It is the mahout and the cuddy who form the backbone of captive elephant care. Chennai-based Principal Chief Conservator of Forests I Anvardin says, “Over time, populations have acquired a combination of traditional wisdom, science and empathy of elephant behavior. It is important to use this wisdom from generation to generation in caring for elephants.” “When dealing with orphaned elephant calves or conflict-affected elephants, human intervention is key.”

MG Ganesan, a forest officer working at ATR, says that Malasars use as many as 60 commands and elephants respond to them, but beyond that they share a complex bond. Captive elephants help reduce human-animal conflict. For example, Kaleem, a Kamkumi (trained elephant), has helped capture more than 25 wild elephants in Tamil Nadu, Andhra Pradesh and Kerala over the past 20 years. “Along with assistance, we have carried out several field operations like patrolling, weeding, and trapping elephants. About eight years ago, when a wild elephant ran amok in Chhattisgarh forests, this Malasar from Anamalai There was a mahout who confiscated it in just two days.They use only one stick as shown in The Elephant Whisperers. Malasar excels in elephant rescue and rehabilitation. After watching videos of Kalim and his caretaker Mani on YouTube, tourists no longer stop to take selfies, they interact with the caretakers and want to know more.

Praveen Shanmuganandan, editor of the Pollachi Papyrus, says the films shed light on local indigenous tribes, bring emotional connection, and demystify myths surrounding captivity. Malasar. “Their traditional wisdom is irreplaceable. They take care of the largest mammal on Earth, day in and day out, and it takes a lifetime of dedication. Films like this have made elephants in captivity for people. The doors to understanding have been opened.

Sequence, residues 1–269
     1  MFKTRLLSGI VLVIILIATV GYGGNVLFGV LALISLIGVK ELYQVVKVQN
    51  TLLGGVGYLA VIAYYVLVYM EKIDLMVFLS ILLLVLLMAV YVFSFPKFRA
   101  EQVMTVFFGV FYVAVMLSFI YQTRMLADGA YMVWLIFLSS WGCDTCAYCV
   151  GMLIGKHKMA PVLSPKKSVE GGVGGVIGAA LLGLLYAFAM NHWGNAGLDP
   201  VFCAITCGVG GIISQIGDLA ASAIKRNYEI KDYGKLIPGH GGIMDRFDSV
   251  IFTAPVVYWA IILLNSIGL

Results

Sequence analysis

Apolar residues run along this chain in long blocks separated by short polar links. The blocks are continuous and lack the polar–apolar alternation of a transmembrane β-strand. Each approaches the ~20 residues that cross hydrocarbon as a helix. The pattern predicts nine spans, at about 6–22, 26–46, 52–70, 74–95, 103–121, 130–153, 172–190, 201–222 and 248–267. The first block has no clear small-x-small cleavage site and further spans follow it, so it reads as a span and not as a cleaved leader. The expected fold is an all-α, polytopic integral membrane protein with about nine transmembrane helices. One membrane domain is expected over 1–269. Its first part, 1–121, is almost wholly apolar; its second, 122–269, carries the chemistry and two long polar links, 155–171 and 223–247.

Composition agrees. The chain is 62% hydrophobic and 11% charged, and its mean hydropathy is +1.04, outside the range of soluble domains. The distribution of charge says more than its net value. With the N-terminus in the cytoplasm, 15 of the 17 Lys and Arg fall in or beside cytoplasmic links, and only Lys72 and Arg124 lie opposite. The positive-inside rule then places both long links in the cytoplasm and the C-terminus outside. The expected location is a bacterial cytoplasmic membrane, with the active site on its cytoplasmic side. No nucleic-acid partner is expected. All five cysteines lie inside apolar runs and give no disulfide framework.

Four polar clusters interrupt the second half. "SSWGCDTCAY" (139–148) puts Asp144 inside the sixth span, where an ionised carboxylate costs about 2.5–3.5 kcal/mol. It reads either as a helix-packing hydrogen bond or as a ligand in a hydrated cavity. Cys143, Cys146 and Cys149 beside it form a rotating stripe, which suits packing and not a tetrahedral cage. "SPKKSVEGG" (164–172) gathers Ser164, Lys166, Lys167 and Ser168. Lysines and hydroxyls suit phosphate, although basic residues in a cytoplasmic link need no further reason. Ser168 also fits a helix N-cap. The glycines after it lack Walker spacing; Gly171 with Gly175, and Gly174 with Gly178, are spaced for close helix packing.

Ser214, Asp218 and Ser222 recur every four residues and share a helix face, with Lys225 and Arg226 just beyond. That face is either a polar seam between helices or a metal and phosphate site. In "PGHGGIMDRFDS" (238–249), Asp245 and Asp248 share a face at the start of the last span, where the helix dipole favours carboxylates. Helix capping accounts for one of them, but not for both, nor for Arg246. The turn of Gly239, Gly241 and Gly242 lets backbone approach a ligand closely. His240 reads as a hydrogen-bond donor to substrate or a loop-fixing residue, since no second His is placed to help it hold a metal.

Still from Calero

A still from Kaliru Photo credit: Special Arrangements

“A visual film amplifies the conservation message and is much more accessible,” says Jason Kingsley, whose 18-minute film, Clero Released on YouTube, (Bull Elephant) won 12 international awards in January 2022, including a Nature in Focus Award in India and a nomination for Jackson Wilde internationally. Jason, a Metuplyam-based naturalist currently working in Maharashtra’s Tadoba Tiger Reserve, says the film, narrated by renowned wildlife photographer and conservationist Belinda Wright, shows conflict areas like Metuplyam, Valparai and Dhimbam jungle. It addresses the interaction between humans and animals and also describes its role. Communities in Conservation.

“Elephants have a strong emotional intelligence and social life. We always look at them from a utilitarian and moral point of view. When movies show their beauty, behavior and the whole spectrum, it gives humans a sense of the species,” says Anvardin. Encourages to appreciate, value and protect them. Once they fall in love with elephants, they begin to see forests as a habitat for the wild. Eventually, they become conservationists. ”